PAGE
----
Out of the Ice

Ann Turner

Out of the Ice
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Out of the Ice

Ann Turner

When environmental scientist Laura Alvarado is sent to a remote Antarctic island to report on an abandoned whaling station, she begins to uncover more than she could ever imagine.

Despite new life thriving in the icy wilderness, the whaling station is brimming with awful reminders of its bloody, violent past, and Laura is disturbed by evidence of recent human interference. Rules have been broken, and the protected wildlife is behaving strangely.

On a diving expedition, Laura is separated from her colleague. She emerges into an ice cave where, through the blue shadows, she is shocked to see an anguished figure, crying for help.

But in this freezing, lonely landscape there are ghosts everywhere, and Laura begins to sense that her own eyes cannot be trusted. Is her mind playing tricks? Has she been in the ice too long?

Back at base, Laura’s questions about the whaling station go unanswered, blocked by unhelpful scientists, unused to questions from an outsider. And Laura just can’t shake what happened in the ice cave.

Piecing together a past and present of cruelty and vulnerability that can be traced all around the globe, from Norway, to Nantucket, Europe and Antarctica, Laura will stop at nothing to unearth the truth. As she sees the dark side of endeavour and human nature, she also discovers a legacy of love, hope and the meaning of family. If only Laura can find her way…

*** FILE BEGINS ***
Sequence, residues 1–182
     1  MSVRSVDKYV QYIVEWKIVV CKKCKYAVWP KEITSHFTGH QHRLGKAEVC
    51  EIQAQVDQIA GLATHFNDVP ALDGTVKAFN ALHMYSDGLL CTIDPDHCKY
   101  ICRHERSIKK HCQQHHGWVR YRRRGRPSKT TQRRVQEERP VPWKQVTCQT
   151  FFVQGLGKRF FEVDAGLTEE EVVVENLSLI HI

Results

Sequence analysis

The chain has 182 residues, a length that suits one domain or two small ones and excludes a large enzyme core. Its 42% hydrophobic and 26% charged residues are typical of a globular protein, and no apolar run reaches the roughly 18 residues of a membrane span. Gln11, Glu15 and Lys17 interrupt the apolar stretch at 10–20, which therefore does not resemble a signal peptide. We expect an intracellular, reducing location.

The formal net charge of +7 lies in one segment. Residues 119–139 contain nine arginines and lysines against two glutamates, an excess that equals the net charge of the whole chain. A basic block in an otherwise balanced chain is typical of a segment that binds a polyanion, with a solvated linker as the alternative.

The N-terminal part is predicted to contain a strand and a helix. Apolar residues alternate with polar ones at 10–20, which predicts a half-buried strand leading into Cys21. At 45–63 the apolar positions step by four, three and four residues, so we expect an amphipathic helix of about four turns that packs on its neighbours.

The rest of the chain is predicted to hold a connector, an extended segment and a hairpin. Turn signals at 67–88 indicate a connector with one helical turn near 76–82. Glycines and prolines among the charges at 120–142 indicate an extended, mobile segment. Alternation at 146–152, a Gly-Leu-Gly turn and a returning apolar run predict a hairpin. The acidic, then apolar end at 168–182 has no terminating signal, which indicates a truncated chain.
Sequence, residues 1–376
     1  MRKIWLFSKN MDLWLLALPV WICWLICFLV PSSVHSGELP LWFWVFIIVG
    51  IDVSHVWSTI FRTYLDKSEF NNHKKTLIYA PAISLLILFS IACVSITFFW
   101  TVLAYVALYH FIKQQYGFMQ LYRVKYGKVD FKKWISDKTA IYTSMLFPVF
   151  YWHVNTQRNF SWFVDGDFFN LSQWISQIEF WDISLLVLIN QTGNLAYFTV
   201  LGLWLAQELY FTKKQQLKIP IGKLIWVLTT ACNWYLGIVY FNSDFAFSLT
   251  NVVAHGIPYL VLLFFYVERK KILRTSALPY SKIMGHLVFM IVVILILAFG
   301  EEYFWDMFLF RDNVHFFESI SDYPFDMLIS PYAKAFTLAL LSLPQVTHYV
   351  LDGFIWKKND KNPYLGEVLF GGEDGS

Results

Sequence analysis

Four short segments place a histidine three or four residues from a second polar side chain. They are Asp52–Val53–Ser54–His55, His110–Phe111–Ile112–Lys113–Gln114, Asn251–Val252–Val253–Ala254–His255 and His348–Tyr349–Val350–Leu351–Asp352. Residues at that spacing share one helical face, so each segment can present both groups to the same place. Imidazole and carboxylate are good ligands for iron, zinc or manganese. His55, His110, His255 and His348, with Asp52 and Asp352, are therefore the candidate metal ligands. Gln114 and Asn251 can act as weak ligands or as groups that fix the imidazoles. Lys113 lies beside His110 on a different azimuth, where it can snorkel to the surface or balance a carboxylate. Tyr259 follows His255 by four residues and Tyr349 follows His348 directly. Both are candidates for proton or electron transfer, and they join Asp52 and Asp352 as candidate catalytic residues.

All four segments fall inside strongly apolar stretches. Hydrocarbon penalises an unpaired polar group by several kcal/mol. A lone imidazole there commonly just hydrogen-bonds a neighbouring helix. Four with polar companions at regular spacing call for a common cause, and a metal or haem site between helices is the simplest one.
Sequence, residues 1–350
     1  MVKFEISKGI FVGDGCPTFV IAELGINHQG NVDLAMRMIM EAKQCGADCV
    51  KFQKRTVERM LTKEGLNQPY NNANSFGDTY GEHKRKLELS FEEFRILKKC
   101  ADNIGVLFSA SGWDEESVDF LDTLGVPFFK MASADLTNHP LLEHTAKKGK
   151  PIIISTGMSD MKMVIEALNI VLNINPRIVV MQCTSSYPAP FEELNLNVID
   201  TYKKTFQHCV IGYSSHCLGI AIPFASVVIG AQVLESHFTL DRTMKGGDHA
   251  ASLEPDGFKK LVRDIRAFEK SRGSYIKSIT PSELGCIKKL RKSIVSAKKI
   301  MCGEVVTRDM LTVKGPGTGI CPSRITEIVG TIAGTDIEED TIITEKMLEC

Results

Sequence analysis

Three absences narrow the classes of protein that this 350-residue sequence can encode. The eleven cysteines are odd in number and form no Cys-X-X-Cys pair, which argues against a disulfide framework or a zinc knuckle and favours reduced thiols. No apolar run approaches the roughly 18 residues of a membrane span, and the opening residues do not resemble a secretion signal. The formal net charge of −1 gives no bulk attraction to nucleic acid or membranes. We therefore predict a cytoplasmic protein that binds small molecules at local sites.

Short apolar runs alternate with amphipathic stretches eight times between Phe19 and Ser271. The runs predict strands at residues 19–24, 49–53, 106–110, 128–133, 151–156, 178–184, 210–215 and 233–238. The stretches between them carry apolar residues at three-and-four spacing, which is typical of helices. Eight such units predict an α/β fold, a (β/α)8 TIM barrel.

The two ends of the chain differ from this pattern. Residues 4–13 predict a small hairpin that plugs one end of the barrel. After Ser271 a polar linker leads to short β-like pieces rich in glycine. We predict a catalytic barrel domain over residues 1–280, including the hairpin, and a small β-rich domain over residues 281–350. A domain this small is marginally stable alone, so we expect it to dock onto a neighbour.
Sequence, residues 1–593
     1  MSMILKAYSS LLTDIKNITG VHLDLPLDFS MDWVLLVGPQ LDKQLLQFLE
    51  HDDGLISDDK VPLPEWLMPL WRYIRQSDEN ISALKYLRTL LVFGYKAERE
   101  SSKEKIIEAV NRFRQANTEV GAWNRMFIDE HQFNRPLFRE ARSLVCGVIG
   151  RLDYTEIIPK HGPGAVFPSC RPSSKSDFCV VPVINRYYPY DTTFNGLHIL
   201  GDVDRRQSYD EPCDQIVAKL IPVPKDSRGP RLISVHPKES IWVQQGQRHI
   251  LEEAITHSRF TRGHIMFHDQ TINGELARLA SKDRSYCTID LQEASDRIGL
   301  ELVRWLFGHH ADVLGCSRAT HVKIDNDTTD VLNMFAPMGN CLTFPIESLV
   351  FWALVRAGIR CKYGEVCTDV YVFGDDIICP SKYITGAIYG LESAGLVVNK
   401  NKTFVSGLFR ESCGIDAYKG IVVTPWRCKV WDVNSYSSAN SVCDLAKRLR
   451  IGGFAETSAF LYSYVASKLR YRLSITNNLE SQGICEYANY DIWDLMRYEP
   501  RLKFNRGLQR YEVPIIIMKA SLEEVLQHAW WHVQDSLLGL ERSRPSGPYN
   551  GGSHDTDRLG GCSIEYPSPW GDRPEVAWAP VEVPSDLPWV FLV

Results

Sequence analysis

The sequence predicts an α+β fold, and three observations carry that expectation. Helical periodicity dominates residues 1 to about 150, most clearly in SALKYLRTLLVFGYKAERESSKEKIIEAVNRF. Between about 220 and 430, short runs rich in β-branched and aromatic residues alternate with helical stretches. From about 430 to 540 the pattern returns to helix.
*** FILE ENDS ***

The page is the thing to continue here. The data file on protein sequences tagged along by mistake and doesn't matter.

Out of the ice.


Prior to reading Ann Turner’s novel Out of the Ice, I read Helen Garner’s article ‘Regions of Thick-Ribbed Ice’, which gave me a vivid impression of the sense of disorientation (especially in relation to memory and time) often felt by those travelling in Antarctica. In Out of the Ice, Turner’s second novel, environmental scientist Laura Alvarado is starting to wonder if she is becoming ‘toasty’ after over a year at her post in Antarctica; especially after she is assigned to evaluate (for its potential as a museum) an abandoned whaling station on a remote Antarctic island. Laura begins to suspect that the station (an exclusion zone) is being accessed by unauthorised persons, and that someone is trying to communicate with her. The hostile work environment on the island and the distress of the local wildlife escalates her concern. Then, on a diving expedition, Laura becomes convinced that she sees a young boy calling out for help through a wall of ice.

Ann Turner was a welcome addition to the Australian literary scene last year with her impressive debut novel, The Lost Swimmer. Continuing in the thriller genre, Out of the Ice explores themes of professional misconduct, self-doubt, and emotional isolation, all set against stunning geographical backdrops. It took me a little while to warm (no pun intended!) to the plot but I found the novel gains momentum after the introduction of a pivotal character which opens out the story in relation to location and the stakes involved. The section in Nantucket, in which two gorgeously written minor characters shine, is especially memorable. I always feel a strong connection to Turner’s protagonists (despite, and sometimes because of, their flaws) and was particularly moved by the closing chapters as Laura solves the mystery of the island but also reaches her own emotional resolution.

Amanda Rayner works as a bookseller at Readings Carlton.

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